People often interact repeatedly: with relatives, through file sharing, in politics, etc. Many such interactions are reciprocal: reacting to the actions of the other. In order to facilitate decisions regarding reciprocal interactions, we analyze the development of reciprocation over time. To this end, we propose a model for such interactions that is simple enough to enable formal analysis, but is sufficient to predict how such interactions will evolve. Inspired by existing models of international interactions and arguments between spouses, we suggest a model with two reciprocating attitudes where an agent's action is a weighted combination of the others' last actions (reacting) and either i) her innate kindness, or ii) her own last action (inertia). We analyze a network of repeatedly interacting agents, each having one of these attitudes, and prove that their actions converge to specific limits. Convergence means that the interaction stabilizes, and the limits indicate the behavior after the stabilization. For two agents, we describe the interaction process and find the limit values. For a general connected network, we find these limit values if all the agents employ the second attitude, and show that the agents' actions then all become equal. In the other cases, we study the limit values using simulations. We discuss how these results predict the development of the interaction and constitute the first step towards helping agents decide on their behavior.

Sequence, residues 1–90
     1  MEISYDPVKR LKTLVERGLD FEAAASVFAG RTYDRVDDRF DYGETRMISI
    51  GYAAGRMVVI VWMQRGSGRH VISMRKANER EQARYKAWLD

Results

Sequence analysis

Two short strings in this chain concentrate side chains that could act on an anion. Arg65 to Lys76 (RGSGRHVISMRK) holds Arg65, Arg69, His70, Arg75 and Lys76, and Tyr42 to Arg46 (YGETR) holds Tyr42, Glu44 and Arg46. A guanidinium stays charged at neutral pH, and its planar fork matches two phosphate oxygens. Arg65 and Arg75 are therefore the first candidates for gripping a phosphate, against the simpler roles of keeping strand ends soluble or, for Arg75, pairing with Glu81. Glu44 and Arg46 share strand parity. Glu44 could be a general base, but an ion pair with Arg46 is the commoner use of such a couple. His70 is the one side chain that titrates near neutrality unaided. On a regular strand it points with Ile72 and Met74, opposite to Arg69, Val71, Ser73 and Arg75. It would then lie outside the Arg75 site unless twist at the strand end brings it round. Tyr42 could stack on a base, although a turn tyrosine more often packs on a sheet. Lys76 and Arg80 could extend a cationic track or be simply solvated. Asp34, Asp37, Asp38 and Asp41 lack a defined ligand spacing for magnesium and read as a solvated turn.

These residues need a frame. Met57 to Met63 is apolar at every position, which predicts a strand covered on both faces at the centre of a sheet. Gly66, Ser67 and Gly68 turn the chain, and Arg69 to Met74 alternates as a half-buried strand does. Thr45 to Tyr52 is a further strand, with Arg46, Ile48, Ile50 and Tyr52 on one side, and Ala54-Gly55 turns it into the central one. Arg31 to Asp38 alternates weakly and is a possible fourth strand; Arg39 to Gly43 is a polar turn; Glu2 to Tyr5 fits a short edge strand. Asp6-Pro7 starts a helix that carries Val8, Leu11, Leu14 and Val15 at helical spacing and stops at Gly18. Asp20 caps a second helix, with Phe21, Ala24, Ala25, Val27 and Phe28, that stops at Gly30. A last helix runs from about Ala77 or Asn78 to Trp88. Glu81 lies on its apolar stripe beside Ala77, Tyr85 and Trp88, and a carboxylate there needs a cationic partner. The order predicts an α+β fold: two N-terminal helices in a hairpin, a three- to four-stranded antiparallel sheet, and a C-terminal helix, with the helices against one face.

|Title of host publication||AAMAS '16 Proceedings of the 2016 International Conference on Autonomous Agents and Multiagent Systems|
|Editors||C. Jonker, S. Marsella, J. Thangarajah, K. Thuyls|
|Place of Publication||Richland|
|Publisher||International Foundation for Autonomous Agents and Multiagent Systems (IFAAMAS)|
|Number of pages||2|
|Publication status||Published - 2016|
|Event||AAMAS 2016 : 15th International Conference on Autonomous Agents and Multiagent Systems - Singapore, Singapore|
Duration: 9 May 2016 → 13 May 2016
Conference number: 15
|Period||9/05/16 → 13/05/16|
Bibliographical noteGreen Open Access added to TU Delft Institutional Repository ‘You share, we take care!’ – Taverne project https://www.openaccess.nl/en/you-share-we-take-care
Otherwise as indicated in the copyright section: the publisher is the copyright holder of this work and the author uses the Dutch legislation to make this work public.
- agent's influence
- reciprocal interaction
- repeated reciprocation